§11.7 p.149 The sanctity of life doctrine implies a serious increase of abnormality among the population
     Full Idea: Accepting views about the sanctity of life of the foetus commits us to a policy of drastically increasing the proportion of the population who are seriously abnormal.
     From: Jonathan Glover (Causing Death and Saving Lives [1977], §11.7)
     A reaction: This is a utilitarian view, and one with which I sympathise. We can't steamroller women's feelings for some greater dream about humanity, but the larger picture is vital to the discussion.
§12.2 p.155 The 'no trade-off' position: killing is only justified if it prevents other deaths
     Full Idea: The 'no trade-off' position: killing may be justified if it prevents other deaths, but not in defence of the quality of other lives, or by the miserable life of the person killed.
     From: Jonathan Glover (Causing Death and Saving Lives [1977], §12.2)
     A reaction: As a utilitarian, Glover opposes this, since death is not the only source of unhappiness. Would we (if necessary) kill a terrorist who was burning down all our art galleries or churches? I would, if it was the only way.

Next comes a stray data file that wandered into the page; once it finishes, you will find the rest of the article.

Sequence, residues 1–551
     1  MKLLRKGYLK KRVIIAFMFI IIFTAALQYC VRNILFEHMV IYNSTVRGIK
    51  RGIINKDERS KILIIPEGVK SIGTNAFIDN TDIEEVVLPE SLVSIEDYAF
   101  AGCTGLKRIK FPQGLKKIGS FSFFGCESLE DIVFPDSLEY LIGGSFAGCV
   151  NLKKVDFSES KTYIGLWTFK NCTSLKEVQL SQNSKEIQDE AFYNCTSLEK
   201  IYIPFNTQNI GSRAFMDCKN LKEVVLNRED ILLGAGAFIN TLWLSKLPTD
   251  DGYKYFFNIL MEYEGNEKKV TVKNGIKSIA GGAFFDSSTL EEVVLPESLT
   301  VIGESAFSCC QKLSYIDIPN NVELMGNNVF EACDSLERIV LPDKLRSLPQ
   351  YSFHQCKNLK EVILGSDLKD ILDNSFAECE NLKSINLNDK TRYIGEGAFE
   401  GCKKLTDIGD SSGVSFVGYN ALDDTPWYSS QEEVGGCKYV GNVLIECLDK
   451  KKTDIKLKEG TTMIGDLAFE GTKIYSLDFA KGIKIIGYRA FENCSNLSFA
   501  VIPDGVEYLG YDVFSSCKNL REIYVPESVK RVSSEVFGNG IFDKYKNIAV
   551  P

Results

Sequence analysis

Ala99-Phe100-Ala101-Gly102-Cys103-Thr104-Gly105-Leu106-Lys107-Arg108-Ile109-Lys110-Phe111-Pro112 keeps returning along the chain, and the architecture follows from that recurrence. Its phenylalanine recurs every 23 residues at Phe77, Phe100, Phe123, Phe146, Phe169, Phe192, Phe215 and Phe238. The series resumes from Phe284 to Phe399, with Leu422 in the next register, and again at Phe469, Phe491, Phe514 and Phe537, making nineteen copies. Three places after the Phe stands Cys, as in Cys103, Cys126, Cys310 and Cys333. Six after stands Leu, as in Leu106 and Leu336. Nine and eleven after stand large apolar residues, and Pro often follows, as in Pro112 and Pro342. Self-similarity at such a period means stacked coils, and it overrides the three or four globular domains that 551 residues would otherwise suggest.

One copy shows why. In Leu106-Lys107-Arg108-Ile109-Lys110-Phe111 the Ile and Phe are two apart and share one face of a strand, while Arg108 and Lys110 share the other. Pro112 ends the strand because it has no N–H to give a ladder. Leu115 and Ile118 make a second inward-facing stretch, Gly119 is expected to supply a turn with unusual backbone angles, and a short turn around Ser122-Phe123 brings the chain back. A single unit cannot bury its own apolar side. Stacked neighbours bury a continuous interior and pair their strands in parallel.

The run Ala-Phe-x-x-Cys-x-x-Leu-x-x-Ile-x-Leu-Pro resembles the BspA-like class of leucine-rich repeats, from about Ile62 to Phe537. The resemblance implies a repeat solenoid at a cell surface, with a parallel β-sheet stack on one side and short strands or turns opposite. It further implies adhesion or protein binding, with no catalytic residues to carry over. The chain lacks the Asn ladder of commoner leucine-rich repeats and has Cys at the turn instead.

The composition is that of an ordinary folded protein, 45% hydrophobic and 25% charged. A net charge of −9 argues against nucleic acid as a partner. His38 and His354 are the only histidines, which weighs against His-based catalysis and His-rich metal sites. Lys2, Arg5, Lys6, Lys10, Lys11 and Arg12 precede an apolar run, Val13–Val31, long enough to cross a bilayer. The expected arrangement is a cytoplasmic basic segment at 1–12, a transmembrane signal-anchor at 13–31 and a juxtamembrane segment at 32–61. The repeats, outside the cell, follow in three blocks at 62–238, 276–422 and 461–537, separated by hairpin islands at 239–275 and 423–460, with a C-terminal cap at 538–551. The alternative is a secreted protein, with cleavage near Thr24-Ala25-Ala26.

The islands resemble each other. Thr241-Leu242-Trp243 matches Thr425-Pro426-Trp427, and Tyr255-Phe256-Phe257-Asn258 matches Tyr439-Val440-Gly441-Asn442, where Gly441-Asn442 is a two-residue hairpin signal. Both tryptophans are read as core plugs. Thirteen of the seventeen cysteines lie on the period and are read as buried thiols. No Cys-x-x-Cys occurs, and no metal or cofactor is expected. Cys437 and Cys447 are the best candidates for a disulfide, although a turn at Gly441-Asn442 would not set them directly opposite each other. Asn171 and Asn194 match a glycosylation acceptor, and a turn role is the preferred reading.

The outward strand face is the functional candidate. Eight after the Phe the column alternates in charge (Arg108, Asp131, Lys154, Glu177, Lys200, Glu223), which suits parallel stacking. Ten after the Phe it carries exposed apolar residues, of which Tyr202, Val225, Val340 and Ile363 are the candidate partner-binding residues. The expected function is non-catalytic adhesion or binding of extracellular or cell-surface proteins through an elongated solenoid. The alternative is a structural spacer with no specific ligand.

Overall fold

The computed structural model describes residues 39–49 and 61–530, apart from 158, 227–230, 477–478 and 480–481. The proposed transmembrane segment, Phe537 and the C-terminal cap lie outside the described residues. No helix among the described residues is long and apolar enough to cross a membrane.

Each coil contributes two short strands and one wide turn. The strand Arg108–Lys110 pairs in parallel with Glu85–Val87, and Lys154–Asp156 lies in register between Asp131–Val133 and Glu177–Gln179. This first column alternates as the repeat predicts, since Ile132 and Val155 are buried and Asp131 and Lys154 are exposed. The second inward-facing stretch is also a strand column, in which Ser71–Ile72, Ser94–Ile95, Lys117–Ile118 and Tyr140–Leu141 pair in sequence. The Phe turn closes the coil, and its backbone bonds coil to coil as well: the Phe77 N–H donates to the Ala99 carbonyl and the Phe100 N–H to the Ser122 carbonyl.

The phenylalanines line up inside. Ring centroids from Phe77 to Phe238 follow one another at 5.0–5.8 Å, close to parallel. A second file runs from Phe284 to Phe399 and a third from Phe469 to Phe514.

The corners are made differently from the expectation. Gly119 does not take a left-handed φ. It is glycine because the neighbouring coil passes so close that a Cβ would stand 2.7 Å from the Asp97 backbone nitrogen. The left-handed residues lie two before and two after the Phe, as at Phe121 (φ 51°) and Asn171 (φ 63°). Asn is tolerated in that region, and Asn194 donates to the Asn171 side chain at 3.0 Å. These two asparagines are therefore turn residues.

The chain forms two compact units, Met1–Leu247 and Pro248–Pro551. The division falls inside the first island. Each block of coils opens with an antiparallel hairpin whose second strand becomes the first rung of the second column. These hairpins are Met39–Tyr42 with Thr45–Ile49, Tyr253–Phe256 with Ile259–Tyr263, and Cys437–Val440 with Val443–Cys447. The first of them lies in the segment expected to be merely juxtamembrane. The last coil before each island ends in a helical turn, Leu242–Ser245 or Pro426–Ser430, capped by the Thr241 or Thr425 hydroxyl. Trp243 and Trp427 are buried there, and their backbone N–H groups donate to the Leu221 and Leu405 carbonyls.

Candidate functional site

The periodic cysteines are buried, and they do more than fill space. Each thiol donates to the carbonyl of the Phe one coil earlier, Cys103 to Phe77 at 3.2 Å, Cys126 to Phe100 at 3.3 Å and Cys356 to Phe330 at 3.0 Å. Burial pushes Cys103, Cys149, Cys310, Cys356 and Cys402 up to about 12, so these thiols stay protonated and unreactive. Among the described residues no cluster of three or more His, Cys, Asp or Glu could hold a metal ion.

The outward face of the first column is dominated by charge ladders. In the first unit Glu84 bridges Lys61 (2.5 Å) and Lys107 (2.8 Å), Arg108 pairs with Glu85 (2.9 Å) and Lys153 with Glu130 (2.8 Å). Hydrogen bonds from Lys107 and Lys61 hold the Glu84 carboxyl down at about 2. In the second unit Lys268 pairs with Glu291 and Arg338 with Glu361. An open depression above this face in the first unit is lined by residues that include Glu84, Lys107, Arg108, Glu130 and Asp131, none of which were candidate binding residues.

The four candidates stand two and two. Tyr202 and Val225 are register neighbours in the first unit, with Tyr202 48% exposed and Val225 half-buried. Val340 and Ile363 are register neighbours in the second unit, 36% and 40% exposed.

§13.2 p.174 One test for a worthwhile life is to assess the amount of life for which you would rather be unconscious
     Full Idea: One test for a worthwhile life is to assess the amount of life for which you would rather be unconscious.
     From: Jonathan Glover (Causing Death and Saving Lives [1977], §13.2)
     A reaction: A nicely chilling question. Enthusiasts want never to sleep. If I would prefer to be unconscious 20 hours every day (for a long period), there doesn't seem much point, does there?
§13.5 p.181 Autonomy seems to acquire greater weight when the decision is more important to a person
     Full Idea: The appeal to autonomy has much more force where the person's decision is of great importance to them (as in suicide), than it has when it concerns a lesser decision (such as whether to wear a seatbelt).
     From: Jonathan Glover (Causing Death and Saving Lives [1977], §13.5)
     A reaction: This is presumably uncontroversial. Planning regulations show the intrusiveness on an individual is crucial. I trim your hedge, or your hair, or your tonsils, or your beliefs…
§14.2 p.186 The Nazi mass murders seem to have originated in their euthanasia programme
     Full Idea: It is argued that the mass murders of the Nazi period had their small beginnings in the Nazi euthanasia programme.